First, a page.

https://sldinfo.com/2022/01/the-nordics-the-uk-and-the-ukrainian-crisis/By Robbin Laird
The current Ukraine situation is part of a chain of events.
And as such, the Russian threat to Ukrainian sovereignty is simply not about Ukraine.
It is about the stability of the current European order.
Of course, those with historical knowledge understand that any European order is an imprint on the dynamics of change which always have affected the European continent and made it such a generator of wars and forceful changes of borders, cultures and nations.
We are here again.
Not surprisingly so as the region cutting through the European continent from the Black Sea north has been an unsettled part of the post-Soviet European order.
To simply take this year, the Black Sea crisis of this summer where we saw significant information war and the “migrant” crisis generated by the Russians through Belarus against the Poles, the Balts, and the European order more generally are all part of the wider challenges which Russia is generating against the post-Soviet European order.
In my co-authored book with Murielle Delaporte, we highlighted Putin’s unwillingness to accept the current European order.
How Europeans and the United States shape their engagement with the Russians going forward will shape the next phase of the European order.
This is not simply a Ukrainian crisis; it is much broader than that.
This is not a static thing but a moving process, whereby Brexit and the Turkish de facto exit from NATO have been key parts of reshaping the European order and the Russian pressure on their former territories is now playing a forcing function to determine who is serious about maintaining the current European order and who is not.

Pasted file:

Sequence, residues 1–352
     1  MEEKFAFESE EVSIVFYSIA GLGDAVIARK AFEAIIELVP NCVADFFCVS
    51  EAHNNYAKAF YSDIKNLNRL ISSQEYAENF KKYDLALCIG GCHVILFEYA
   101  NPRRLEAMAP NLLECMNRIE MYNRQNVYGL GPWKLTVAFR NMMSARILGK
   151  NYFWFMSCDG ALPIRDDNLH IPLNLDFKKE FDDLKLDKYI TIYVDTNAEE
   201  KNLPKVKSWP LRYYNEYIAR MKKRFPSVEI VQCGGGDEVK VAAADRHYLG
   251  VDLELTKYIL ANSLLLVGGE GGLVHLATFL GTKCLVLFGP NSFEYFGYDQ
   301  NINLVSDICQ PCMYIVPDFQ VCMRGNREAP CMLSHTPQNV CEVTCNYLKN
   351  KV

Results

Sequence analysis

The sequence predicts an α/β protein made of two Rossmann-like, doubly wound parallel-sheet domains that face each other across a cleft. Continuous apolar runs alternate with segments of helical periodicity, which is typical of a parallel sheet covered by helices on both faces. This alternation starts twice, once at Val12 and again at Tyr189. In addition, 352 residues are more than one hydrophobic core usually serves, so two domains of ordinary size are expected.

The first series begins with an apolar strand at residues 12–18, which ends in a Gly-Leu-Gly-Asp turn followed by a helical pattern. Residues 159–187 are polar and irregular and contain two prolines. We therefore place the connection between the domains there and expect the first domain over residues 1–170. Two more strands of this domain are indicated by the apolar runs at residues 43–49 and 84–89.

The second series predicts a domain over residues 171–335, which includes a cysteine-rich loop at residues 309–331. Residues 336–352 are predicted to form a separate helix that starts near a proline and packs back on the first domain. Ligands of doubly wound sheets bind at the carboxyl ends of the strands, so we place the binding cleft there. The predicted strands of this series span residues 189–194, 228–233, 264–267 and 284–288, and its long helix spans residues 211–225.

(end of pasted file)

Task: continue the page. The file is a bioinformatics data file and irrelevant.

It is also the case that Russia’s challenge to the European order is part of the wider challenge of 21st century authoritarian powers to the global order as shaped by the United States, the European Union, and the democratic powers in Asia.
Whatever transpires in the Ukrainian crisis is not limited to Europe.
As we wrote in our book on the return of direct defense in Europe:
“The leading authoritarian leaders seem to like being ruler for life, as the head of China, in 2019, received parliamentary approval to be able to run beyond the term limits which had been in place. The Parliament approved the removal of the two-term limit on the presidency, effectively allowing Xi Jinping to remain in power for life. Putin has redefined Russia’s place in the post–Cold War period, and shaped a comprehensive narrative which one might call Making Russia Great Again.
“And in reshaping Russia in his authoritarian image, Putin has shaped a narrative which is rooted in Russia being the victim of the West, led by the United States, and in returning to its roots to become a key authoritarian Euro-Asian power. Putin both contributed to and has been abetted by the rise of 21st century authoritarianism.
“With the collapse of the Soviet Union and the Chinese becoming members of the World Trade Organization, globalization and democratization seemed to be evolving hand in hand.
“But rather than globalization leading to democratization, it has been shaped significantly by the 21st century authoritarian powers who have used that process to enhance their ability to operate within and without against the key powers driving the liberal democratic order.”
In short, we have entered a new historical epoch which will be shaped by the concrete actions of key states and what the results of such actions will be both in fact and perceived reality.
History is on the move once again, and with it the shaping of new global anarchy or order.
Featured Graphic: Photo 151366060 / Map Ukraine © Chernetskaya | Dreamstime.com
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